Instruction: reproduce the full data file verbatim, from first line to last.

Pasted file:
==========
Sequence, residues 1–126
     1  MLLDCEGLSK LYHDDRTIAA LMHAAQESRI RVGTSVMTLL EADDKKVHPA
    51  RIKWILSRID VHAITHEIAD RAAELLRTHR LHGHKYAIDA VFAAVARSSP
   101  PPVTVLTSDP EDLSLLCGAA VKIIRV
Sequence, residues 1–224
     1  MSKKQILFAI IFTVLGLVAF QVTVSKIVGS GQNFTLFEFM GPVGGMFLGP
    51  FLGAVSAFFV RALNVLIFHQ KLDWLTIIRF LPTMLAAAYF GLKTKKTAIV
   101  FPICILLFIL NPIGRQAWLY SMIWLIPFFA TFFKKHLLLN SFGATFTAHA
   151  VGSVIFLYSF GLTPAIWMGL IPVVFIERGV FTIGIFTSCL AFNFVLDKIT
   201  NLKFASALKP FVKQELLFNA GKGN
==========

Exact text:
Sequence, residues 1–126
     1  MLLDCEGLSK LYHDDRTIAA LMHAAQESRI RVGTSVMTLL EADDKKVHPA
    51  RIKWILSRID VHAITHEIAD RAAELLRTHR LHGHKYAIDA VFAAVARSSP
   101  PPVTVLTSDP EDLSLLCGAA VKIIRV
Sequence, residues 1–224
     1  MSKKQILFAI IFTVLGLVAF QVTVSKIVGS GQNFTLFEFM GPVGGMFLGP
    51  FLGAVSAFFV RALNVLIFHQ KLDWLTIIRF LPTMLAAAYF GLKTKKTAIV
   101  FPICILLFIL NPIGRQAWLY SMIWLIPFFA TFFKKHLLLN SFGATFTAHA
   151  VGSVIFLYSF GLTPAIWMGL IPVVFIERGV FTIGIFTSCL AFNFVLDKIT
   201  NLKFASALKP FVKQELLFNA GKGN